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Periodical article Periodical article Leiden University catalogue Leiden University catalogue WorldCat catalogue WorldCat
Title:Gender Myths and Citizenship in Two Autobiographies by South African Women
Author:Lewis, DesireeISNI
Year:1999
Periodical:Agenda: Empowering Women for Gender Equity
Issue:40
Pages:38-44
Language:English
Geographic term:South Africa
Subjects:nationality
women
autobiography
literature
Historical/Biographical
Ethnic and Race Relations
Equality and Liberation
About persons:Mamphela RampheleISNI
Ellen Kate Kuzwayo (1914-2006)ISNI
External link:https://www.tandfonline.com/doi/abs/10.1080/10130950.1999.9675735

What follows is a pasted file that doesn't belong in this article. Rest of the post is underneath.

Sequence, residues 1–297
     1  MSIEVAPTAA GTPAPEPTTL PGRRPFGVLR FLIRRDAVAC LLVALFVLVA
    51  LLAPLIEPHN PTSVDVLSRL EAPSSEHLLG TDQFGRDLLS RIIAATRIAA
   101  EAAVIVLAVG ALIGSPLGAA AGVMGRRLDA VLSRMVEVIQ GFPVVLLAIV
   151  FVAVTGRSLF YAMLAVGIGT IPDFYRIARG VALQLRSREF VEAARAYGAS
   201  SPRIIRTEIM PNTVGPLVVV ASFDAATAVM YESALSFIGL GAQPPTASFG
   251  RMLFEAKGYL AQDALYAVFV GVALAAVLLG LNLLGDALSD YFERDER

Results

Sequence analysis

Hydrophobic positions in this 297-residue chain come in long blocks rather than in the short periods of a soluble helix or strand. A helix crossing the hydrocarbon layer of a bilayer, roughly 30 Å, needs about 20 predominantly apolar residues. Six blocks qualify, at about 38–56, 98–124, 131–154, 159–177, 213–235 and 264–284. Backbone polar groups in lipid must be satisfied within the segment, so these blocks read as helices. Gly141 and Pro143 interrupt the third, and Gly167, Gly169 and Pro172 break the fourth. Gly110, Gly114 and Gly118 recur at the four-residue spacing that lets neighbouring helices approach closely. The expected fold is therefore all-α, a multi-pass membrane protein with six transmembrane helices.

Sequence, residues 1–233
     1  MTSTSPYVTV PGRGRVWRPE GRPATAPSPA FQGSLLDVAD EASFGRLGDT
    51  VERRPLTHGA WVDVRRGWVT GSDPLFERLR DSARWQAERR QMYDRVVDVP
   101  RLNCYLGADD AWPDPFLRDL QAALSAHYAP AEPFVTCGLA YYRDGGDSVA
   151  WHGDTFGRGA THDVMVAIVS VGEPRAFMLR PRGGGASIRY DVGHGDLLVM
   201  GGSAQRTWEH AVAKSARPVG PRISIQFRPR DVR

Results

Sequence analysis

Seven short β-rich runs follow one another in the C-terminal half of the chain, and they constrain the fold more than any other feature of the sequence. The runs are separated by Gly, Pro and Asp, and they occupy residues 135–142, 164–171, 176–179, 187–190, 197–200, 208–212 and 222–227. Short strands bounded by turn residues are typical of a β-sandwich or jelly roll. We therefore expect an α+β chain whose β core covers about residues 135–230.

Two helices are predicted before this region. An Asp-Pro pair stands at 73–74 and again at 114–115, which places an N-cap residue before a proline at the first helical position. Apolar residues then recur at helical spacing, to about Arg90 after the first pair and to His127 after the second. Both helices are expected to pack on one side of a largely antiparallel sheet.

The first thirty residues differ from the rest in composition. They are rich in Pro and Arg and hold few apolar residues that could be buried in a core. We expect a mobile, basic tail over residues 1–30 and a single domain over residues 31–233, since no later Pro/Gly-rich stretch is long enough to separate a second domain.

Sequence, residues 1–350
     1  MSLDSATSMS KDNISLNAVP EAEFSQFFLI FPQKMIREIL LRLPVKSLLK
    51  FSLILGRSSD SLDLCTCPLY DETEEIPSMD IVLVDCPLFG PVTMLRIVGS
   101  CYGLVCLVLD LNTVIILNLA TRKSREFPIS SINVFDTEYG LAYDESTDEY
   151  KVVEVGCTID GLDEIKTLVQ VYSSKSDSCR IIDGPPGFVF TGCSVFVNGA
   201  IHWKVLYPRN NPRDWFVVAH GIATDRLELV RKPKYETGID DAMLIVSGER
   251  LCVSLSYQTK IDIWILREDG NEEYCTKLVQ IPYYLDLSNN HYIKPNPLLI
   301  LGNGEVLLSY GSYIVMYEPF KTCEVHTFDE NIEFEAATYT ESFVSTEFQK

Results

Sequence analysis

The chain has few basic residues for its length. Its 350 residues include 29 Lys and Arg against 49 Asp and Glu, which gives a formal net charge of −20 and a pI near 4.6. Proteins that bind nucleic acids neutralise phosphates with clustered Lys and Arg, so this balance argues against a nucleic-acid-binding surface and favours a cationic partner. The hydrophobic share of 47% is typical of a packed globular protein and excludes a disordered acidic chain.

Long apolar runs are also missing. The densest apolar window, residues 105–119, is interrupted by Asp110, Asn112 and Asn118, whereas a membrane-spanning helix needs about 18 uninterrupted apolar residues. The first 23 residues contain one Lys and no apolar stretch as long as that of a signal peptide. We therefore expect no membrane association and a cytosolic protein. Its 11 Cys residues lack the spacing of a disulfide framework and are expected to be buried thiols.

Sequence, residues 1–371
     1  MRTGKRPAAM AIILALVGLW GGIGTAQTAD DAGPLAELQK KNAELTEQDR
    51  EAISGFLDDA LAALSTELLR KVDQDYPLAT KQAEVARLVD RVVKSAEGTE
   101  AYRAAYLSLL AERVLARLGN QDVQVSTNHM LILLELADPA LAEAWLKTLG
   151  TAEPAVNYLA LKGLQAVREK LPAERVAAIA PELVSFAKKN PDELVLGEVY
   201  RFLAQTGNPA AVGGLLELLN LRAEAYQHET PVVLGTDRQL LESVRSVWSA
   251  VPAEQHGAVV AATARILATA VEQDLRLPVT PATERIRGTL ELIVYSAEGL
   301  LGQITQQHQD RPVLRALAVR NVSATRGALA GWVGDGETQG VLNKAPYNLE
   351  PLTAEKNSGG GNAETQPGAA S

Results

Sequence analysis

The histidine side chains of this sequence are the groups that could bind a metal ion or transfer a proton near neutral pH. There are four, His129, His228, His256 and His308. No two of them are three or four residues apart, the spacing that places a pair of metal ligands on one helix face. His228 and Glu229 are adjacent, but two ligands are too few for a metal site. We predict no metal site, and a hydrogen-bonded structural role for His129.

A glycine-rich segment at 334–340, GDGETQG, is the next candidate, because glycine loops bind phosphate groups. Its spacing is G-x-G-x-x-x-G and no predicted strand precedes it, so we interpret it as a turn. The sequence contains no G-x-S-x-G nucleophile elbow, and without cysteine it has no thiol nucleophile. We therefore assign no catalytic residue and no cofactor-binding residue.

Abstract:Citizenship is usually explained only in terms of legal and formal rights, implying rights to individual freedom, justice, the exercise of political power, etc. But citizenship also confers 'belonging' and embeds the notion of recognizing individuals' social standing. This article explores popularised definitions of women's 'belonging' in the nation as this defines their citizenship. It considers how in South Africa the anti-apartheid struggle's legacy of defining women in relation to the community and nation has reinforced traditions in which women's citizenship is mediated by their subordination to men and their symbolic roles. This is done by analysing two autobiographies, Ellen Kuzwayo's 'Call me woman' (1985) and Mamphela Ramphele's 'A life' (1995). Dealing with major political struggles and events from the 1960s, both autobiographies deal primarily with the apartheid context of black struggles for political participation and civil rights. It is precisely by exploring this period that the texts point to a legacy which continues to shape popular perceptions of women-in-the-nation, of women as citizens. In their representations of motherhood, the family and marriage, the texts reveal pivotal ways in which women's citizenship is mediated. Bibliogr., notes.
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